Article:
Can His 10-Minute Coronavirus Test Help Stop the Next Pandemic?
WHY YOU SHOULD CARE
Because the pandemics of tomorrow start in the livestock of today.
By Carly Stern
Academics are familiar with the challenge of trying to get the general public to care about a niche issue or research question to which they’ve doggedly dedicated their careers. But amid a coronavirus pandemic, Suresh Neethirajan has suddenly found his scientific focus — developing diagnostic tools for flu strains in animals — to be a matter of urgent global concern.
For nearly a decade, Neethirajan has been tinkering away to develop a device that instantly detects avian flu strains in poultry. As the 39-year-old — who has family roots in agriculture — watched people use home-based diabetes tests, he began wondering why there wasn’t an affordable rapid test for avian flu detection. He rolled up his sleeves and got cracking on a design solution, later shifting focus to other coronavirus strains, such as the one that emerged from animals (likely bats) and has swept the globe in recent months.
These days, more than just the scientific community is talking about the importance of tracing outbreak sources. “The speed at which we can positively identify a pathogen has a huge impact on the management and control of the disease within populations,” says Tim Nelson, an agricultural research administrator who works on behalf of farmers and farmer groups. This problem is playing out at scale with efforts to control COVID-19 in humans. “The situation is exactly the same in the livestock and poultry industries when highly contagious diseases enter the network,” Nelson says.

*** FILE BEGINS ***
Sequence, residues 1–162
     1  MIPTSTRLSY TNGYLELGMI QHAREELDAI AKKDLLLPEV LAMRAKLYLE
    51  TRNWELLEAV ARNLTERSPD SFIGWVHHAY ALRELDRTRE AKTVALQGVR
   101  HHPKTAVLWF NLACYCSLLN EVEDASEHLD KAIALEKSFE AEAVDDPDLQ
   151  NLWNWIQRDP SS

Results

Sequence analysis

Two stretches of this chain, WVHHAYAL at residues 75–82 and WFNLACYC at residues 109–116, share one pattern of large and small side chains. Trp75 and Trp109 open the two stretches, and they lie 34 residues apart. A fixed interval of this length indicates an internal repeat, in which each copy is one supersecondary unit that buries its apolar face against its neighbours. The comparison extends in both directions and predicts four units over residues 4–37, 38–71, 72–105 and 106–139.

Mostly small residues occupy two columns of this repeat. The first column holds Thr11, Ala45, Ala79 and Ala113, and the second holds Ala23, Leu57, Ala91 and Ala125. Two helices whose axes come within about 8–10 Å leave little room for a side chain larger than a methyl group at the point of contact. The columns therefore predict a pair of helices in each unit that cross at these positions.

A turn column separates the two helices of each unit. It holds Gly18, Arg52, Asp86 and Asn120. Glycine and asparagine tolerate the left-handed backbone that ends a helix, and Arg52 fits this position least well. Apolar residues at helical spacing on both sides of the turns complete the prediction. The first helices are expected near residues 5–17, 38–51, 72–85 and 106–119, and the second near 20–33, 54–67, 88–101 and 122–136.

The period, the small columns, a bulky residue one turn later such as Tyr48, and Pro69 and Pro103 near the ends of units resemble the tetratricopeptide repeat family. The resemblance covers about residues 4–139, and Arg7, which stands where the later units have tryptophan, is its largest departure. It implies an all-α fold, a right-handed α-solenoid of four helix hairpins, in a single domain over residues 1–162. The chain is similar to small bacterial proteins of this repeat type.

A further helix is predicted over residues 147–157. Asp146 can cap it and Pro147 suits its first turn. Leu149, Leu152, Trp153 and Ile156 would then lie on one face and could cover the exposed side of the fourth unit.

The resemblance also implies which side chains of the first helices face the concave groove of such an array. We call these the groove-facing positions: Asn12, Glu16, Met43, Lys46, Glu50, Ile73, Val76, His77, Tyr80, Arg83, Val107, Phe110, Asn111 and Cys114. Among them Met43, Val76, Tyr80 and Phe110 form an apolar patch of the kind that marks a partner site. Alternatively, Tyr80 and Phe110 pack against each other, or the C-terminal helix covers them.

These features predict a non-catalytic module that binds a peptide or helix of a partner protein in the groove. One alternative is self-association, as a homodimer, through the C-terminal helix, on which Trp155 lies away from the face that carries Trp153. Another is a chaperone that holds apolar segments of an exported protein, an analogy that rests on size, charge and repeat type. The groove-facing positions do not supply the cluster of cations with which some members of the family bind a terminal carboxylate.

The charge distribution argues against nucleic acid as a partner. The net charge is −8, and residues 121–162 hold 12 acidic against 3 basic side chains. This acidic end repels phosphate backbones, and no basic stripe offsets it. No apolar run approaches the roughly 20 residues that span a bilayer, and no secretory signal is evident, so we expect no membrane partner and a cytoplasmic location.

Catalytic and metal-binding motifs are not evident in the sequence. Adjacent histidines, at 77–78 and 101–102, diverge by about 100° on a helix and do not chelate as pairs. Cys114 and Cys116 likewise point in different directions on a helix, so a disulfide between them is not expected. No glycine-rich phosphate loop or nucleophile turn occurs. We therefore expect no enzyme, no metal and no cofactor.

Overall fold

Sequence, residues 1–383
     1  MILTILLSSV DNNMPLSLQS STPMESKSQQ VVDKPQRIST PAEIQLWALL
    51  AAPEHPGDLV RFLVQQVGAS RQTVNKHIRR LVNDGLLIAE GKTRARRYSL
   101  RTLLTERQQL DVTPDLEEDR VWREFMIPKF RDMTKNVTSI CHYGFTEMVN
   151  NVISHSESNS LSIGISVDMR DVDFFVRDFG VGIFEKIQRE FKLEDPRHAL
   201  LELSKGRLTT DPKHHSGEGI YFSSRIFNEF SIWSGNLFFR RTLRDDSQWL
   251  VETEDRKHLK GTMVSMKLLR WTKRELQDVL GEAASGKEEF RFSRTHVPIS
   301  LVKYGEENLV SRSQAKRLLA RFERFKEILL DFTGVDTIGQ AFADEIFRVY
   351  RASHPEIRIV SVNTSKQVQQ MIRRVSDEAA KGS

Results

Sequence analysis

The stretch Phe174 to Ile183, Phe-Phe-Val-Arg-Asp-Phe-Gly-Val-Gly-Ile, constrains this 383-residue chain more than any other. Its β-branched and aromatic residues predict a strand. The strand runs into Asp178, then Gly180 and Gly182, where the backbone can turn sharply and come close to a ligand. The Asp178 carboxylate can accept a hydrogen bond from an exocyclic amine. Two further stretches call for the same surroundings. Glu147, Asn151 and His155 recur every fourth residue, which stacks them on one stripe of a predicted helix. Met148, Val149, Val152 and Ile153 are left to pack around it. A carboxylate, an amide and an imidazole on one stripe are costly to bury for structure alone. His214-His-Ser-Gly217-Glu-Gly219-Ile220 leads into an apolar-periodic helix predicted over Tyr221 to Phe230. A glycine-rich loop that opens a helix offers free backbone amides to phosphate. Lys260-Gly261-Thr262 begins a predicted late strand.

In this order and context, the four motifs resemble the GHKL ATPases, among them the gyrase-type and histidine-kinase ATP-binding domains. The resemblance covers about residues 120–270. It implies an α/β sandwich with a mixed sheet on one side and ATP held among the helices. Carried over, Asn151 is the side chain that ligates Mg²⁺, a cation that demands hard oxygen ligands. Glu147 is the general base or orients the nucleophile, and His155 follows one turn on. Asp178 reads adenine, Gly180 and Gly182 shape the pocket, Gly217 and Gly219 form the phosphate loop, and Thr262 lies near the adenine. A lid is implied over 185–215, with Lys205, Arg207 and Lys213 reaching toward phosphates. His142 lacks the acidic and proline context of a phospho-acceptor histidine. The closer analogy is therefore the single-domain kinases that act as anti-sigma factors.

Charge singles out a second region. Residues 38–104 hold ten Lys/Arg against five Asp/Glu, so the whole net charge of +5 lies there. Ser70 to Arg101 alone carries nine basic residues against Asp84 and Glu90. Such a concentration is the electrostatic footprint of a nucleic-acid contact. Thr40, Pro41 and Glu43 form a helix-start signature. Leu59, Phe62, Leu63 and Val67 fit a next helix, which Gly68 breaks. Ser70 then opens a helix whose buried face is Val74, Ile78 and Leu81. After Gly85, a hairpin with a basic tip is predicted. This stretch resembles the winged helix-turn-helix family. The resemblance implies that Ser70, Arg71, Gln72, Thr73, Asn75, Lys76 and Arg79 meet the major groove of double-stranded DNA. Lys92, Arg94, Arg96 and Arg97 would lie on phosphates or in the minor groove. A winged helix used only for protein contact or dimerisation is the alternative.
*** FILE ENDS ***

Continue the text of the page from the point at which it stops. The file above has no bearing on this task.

Those are the bottlenecks Neethirajan is trying to tackle: time and cost.
Like blood samples, swabs from poultry being tested for viruses are collected and shipped to labs, which usually takes at least two days. The delay associated with transport, processing and returning of diagnostic tests has consequences — administrative, financial and human. U.S. agriculture took an estimated $3.3 billion hit in the 2015 avian flu epidemic. “Confirmed diagnosis at the source would significantly reduce the cost of disease,” Nelson says.
Those are the bottlenecks Neethirajan is trying to tackle: time and cost. He’s done so by creating a device employing nanotechnology that uses treated cotton thread to indicate the presence or absence of coronavirus in poultry — almost like a portable lab on a stick. The device, made of cotton, resembles a fork with two handles and three tines. These tests aren’t available on the market yet but will likely be around $5 per test and possibly less, depending on production scale, according to Neethirajan.
(U.S. deaths from COVID-19 — in red — compared with American losses in modern wars and recent crises.)
Here’s how it works: After an oral or nasal swab or a blood sample is obtained from the chicken, it’s placed on the thread. Within roughly 10 minutes, the thread will turn red if the coronavirus is present — and green if it’s not. The degree of exposure corresponds with fluorescence, which can be determined under a fluorescent microscope, through a phone or plain sight, according to the peer-reviewed research.